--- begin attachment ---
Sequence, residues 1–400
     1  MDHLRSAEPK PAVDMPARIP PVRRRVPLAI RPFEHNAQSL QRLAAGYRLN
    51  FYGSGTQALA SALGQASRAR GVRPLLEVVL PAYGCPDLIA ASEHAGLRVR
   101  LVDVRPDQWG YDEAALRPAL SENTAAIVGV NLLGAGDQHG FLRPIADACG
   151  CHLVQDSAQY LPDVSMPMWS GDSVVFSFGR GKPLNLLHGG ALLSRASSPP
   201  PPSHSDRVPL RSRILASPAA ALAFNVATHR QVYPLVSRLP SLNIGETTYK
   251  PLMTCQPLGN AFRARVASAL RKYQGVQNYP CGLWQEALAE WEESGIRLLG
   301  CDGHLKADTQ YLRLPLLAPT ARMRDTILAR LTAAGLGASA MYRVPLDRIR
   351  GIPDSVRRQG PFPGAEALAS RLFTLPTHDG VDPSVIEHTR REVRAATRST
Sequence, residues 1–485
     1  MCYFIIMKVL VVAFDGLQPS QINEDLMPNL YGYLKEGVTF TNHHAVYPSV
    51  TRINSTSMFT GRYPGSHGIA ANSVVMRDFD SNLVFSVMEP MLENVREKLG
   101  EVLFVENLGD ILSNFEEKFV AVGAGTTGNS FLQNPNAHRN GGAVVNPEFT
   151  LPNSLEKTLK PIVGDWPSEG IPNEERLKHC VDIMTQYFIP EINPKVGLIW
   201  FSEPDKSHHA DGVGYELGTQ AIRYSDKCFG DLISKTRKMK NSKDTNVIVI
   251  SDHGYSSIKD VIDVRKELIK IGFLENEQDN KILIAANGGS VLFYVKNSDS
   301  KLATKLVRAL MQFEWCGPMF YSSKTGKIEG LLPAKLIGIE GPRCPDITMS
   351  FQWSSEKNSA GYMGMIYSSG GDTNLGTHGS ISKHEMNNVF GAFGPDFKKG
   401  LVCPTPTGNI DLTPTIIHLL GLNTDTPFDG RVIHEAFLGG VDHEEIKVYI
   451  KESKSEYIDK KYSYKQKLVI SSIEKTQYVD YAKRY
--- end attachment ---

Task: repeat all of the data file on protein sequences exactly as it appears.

Sequence, residues 1–400
     1  MDHLRSAEPK PAVDMPARIP PVRRRVPLAI RPFEHNAQSL QRLAAGYRLN
    51  FYGSGTQALA SALGQASRAR GVRPLLEVVL PAYGCPDLIA ASEHAGLRVR
   101  LVDVRPDQWG YDEAALRPAL SENTAAIVGV NLLGAGDQHG FLRPIADACG
   151  CHLVQDSAQY LPDVSMPMWS GDSVVFSFGR GKPLNLLHGG ALLSRASSPP
   201  PPSHSDRVPL RSRILASPAA ALAFNVATHR QVYPLVSRLP SLNIGETTYK
   251  PLMTCQPLGN AFRARVASAL RKYQGVQNYP CGLWQEALAE WEESGIRLLG
   301  CDGHLKADTQ YLRLPLLAPT ARMRDTILAR LTAAGLGASA MYRVPLDRIR
   351  GIPDSVRRQG PFPGAEALAS RLFTLPTHDG VDPSVIEHTR REVRAATRST
Sequence, residues 1–485
     1  MCYFIIMKVL VVAFDGLQPS QINEDLMPNL YGYLKEGVTF TNHHAVYPSV
    51  TRINSTSMFT GRYPGSHGIA ANSVVMRDFD SNLVFSVMEP MLENVREKLG
   101  EVLFVENLGD ILSNFEEKFV AVGAGTTGNS FLQNPNAHRN GGAVVNPEFT
   151  LPNSLEKTLK PIVGDWPSEG IPNEERLKHC VDIMTQYFIP EINPKVGLIW
   201  FSEPDKSHHA DGVGYELGTQ AIRYSDKCFG DLISKTRKMK NSKDTNVIVI
   251  SDHGYSSIKD VIDVRKELIK IGFLENEQDN KILIAANGGS VLFYVKNSDS
   301  KLATKLVRAL MQFEWCGPMF YSSKTGKIEG LLPAKLIGIE GPRCPDITMS
   351  FQWSSEKNSA GYMGMIYSSG GDTNLGTHGS ISKHEMNNVF GAFGPDFKKG
   401  LVCPTPTGNI DLTPTIIHLL GLNTDTPFDG RVIHEAFLGG VDHEEIKVYI
   451  KESKSEYIDK KYSYKQKLVI SSIEKTQYVD YAKRY